The above video clip takes a while to load and may be jittery at first, but it should be clear on second playing.

Why People Need Nightclub Two Step


Two Step is something that people need, because in a nightclub it's kind of stupid to go out and do a rumba, sticking your elbow in the air. If you did that in the Marriott Hotel, they'd laugh at you. The dance position for Two Step is more natural, what people tend to do without lessons. Street dancing, in other words.

Seyer: I've noticed that some instructors teaching Two Step are recommending a ballroom dance position.
Schwimmer: Ballroom teachers try to make it, well. . . ballroom. I had one teacher, many years ago, said "Why don't we start calling it 'Contemporary Foxtrot.'" That's a really stupid name as far as I am concerned because it always means that something is up-to-date. For example, people do swing a lot now days, but we don't call it "Contemporary Swing." Swing is just swing. Swing is not the same as it was years ago, it has been modified. Two Step has gone through changes over the years, just like anything else.

Starting with the Rock Step

Schwimmer: Ballroom teachers try to make it Side, Rock Step, instead of Rock Step,Side. That makes it more like Bolero.
Seyer: So you don't recommend starting Two Step with on the Slow.
Schwimmer: It's totally ludicrous. Also, in Eastern Swing and West Coast Swing I recommend starting with the rock step because that's the step that makes you move. If you start with the rock step you can immediately lead an underarm turn.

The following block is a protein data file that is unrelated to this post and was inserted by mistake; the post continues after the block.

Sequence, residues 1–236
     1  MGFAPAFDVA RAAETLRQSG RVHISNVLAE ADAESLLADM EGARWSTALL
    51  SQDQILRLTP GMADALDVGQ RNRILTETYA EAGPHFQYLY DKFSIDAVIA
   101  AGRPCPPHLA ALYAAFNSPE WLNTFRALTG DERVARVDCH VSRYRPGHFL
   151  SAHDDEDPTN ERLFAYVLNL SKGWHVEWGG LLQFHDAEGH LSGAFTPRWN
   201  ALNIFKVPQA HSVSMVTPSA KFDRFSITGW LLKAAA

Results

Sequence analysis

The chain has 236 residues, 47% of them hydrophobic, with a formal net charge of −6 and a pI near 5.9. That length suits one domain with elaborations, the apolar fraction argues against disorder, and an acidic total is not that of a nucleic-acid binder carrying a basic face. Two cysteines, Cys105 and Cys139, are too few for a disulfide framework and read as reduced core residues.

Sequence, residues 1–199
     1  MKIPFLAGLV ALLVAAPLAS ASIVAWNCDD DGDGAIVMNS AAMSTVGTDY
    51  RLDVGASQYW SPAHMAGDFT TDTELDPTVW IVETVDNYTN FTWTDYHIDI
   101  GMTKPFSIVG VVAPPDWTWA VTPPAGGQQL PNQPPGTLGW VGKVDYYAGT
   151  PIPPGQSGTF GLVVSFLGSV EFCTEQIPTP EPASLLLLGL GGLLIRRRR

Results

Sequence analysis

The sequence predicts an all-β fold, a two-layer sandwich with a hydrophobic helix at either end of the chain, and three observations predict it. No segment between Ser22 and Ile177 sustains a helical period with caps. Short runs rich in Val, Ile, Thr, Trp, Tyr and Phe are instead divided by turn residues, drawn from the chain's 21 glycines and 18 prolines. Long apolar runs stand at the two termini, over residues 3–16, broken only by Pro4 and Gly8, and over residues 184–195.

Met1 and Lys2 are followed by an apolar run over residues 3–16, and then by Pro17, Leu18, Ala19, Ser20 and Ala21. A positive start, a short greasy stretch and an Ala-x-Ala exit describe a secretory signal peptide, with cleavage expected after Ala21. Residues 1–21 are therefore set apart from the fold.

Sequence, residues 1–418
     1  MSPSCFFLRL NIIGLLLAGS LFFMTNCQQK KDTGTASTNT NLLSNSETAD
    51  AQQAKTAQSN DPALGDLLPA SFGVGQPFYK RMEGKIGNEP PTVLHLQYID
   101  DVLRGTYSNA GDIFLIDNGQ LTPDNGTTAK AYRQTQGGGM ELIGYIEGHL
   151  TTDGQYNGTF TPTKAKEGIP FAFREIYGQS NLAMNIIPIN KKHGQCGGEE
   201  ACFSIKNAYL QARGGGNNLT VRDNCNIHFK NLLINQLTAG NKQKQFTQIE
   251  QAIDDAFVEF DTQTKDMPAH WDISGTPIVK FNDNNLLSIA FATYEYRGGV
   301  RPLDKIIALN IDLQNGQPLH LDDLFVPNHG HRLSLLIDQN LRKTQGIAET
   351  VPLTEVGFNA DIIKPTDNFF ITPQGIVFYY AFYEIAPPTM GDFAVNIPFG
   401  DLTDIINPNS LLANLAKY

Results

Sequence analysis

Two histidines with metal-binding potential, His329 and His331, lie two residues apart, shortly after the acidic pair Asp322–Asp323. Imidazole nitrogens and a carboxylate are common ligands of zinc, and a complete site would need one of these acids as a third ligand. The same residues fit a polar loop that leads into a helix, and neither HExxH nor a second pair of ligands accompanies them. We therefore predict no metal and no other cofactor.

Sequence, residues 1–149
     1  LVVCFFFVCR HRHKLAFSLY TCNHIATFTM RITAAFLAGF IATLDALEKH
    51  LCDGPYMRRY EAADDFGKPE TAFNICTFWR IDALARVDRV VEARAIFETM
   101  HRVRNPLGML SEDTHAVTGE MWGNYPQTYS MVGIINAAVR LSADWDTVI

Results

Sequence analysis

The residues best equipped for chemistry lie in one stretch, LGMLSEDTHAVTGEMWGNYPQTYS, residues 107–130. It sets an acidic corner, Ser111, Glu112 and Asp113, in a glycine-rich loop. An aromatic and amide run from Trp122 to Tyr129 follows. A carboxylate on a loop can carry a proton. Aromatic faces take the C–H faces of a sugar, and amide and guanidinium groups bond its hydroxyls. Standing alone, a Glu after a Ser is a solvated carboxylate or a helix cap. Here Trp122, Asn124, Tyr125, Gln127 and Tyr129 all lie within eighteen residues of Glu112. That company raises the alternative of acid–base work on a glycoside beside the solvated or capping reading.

Seyer: Many teachers, it seems, are teaching people to start on the slow because it's easier to do it that way.
Schwimmer: It's easier, but then people don't look like they are doing the dance.
Seyer: If you start on beat Two, would it still work to start on the slow?
Schwimmer: You mean hold the one and then side on count two?
Seyer: Yes.
Schwimmer: That's fine as long as you end up doing the rock step on the One-And.

[NOTE: Some country tunes work well with Nightclub Two-Step. However, it is interesting that many country tunes have accented quick steps on the 2& and also on the 4&. In these tunes, beat 1 is a slow! So, when dancing to this music, it makes sense to start with the slow on beat 1. The key, here, is to listen to the music and match your quick steps with the quick drum beats in the music. When possible, start dancing at the beginning of the musical phrase.

"Dancing is to Music"

Seyer: Being a music educator myself, I've noticed that some teachers don't teach to the music very much. They just teach steps and patterns, but not in relation to the music.
Schwimmer: Right. But dancing is to music. What happens is that they teach what is easy to get people to do.

How Buddy Got Started as a Dance Teacher

Seyer: It must have been easy for you when you created the dance. You were only 15 when you developed Two Step! Incredible. When did you seriously start teaching Two Step?